The term ‘Circadian’ means “about a day” so our circadian rhythms are daily fluctuations in our biology that can become messed up as we transition through menopause. This internal clock, which gradually becomes established during the first months of life, controls the daily ups and downs of biological patterns, including body temperature, blood pressure, and the release of hormones.
It’s so important to turn around our sleep habits specific to our menopause transition. That’s why, the very first module that women listen to when they come onto either of the MyMT™ programmes is how to sleep all night again. If we aren’t sleeping, our hot flushes and night sweats become worse. So too does our weight, joint health and muscle pain. If we are lying awake between 2 and 4am, then the release of growth hormone does not reach the threshold it needs to for healing and repairing our body. As I mentioned above, this is why I hear from so many women who are avid exercisers and they don’t understand that their sore muscles and joints are due to not just low oestrogen, but also not sleeping! Angela was the same.
Our changing menopause hormones cause disruption to our normal circadian rhythms, so as we transition into or through menopause, it’s really important to restore this biological rhythm and make adjustments to get us back sleeping all night. Sleeping all night is the start. If we don’t, then over time, our brain and body start to read this 2-3am ‘awake’ period as ‘normal’. When women restore their sleep, they restore their energy levels, their joints heal and their hot flushes and night sweats reduce too. Oh, and they also lose weight if they are overweight.
Ageing is typically associated with impairments of the circadian rhythm and a natural decrease in melatonin secretion. And that’s what I tell women in my seminars – menopause is the natural transition into our ageing, but we still feel young! However, inside our body there are powerful changes occurring that affect us and understanding how to slow these changes down using lifestyle strategies is important. When we do, we can resolve our symptoms, lose weight, improve mood and feel fabulous in our fifties all without diving into worsening health in post-menopause!
Menopause is the transition into the next phase of our lives – our ageing. And when oestrogen is low, there are numerous changes that occur in our body, from our pituitary hormones which control sleep, to our muscles to our blood sugar regulation. My studies proved to me that hot flushes, insomnia, sore joints, palpitations and menopause weight gain are not normal and with the right focus, women can thrive during and after this transition.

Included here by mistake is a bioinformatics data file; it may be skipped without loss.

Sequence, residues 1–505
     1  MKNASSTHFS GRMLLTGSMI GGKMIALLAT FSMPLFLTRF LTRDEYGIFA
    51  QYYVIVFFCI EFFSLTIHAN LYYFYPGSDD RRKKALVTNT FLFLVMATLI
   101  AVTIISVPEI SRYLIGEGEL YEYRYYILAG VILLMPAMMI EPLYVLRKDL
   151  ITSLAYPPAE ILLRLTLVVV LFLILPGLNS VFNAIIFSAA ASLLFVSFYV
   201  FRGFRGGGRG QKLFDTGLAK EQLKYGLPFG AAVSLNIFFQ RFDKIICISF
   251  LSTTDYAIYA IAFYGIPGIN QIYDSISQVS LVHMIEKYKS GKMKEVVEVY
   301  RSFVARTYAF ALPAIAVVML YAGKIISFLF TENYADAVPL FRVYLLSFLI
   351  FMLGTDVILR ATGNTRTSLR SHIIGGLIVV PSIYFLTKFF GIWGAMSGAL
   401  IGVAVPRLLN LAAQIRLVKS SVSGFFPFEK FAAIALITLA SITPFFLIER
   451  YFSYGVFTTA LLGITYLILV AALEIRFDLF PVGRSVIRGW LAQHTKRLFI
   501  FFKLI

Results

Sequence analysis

But your focus has to shift and that’s why I’ve pulled all the scientifically-evidenced solutions together in the fabulous MyMT™ programmes, which I originally designed for me, but they are now available for you. I hope you can join me if you need to. If you aren’t sure about coming on board with me, then please listen to the webinar that Angela came and listened to when I visited Cairns this week, a year ago. I’ve now put it online for you and you can listen to my video about it HERE.
If you are thinner you might like to look at the ‘Circuit-Breaker’ programme and if you are overweight, then look at the ‘Transform Me’ programme. I would love you to discover how to sleep all night, reduce your symptoms in menopause and get back to feeling like the ‘old-you’ again.
Davis, S., Castelo-Branco, C. et.al. (2012). Understanding weight gain at menopause. Climacteric, 15: 419–429.
Harvard Health Report (2017). Improving Sleep. Harvard Health Publication
Geddes, L. (2019). Chasing the Sun: The new science of sunlight and how it shapes our bodies and minds. London: Profile Books.
Jehan, S., Giardin, J-L, Auguste, E., et al (2017). Sleep, Melatonin and the Menopausal Transition: What are the links? Sleep Science, 10(1): 11-18.
Reinke H. & Asher G. (2017). Circadian clock control of liver metabolic functions. Gastroenterology, 150: 574–580.
Rizzi, M. et al. (2016). Sleep Disorders in Fibromyalgia Syndrome. Journal of Pain Relief, 5:2, 1-5
Sharma, S. & Kavuru, M. (2010). Sleep and Metabolism: An Overview. Int. Journal of Endocrinology, Article ID 270832, 1-12.
Woods, N. et al. (2009). Cortisol Levels during the Menopausal Transition and Early Postmenopause: Observations from the Seattle Midlife Women’s Health Study. Menopause, 16(4): 708–718.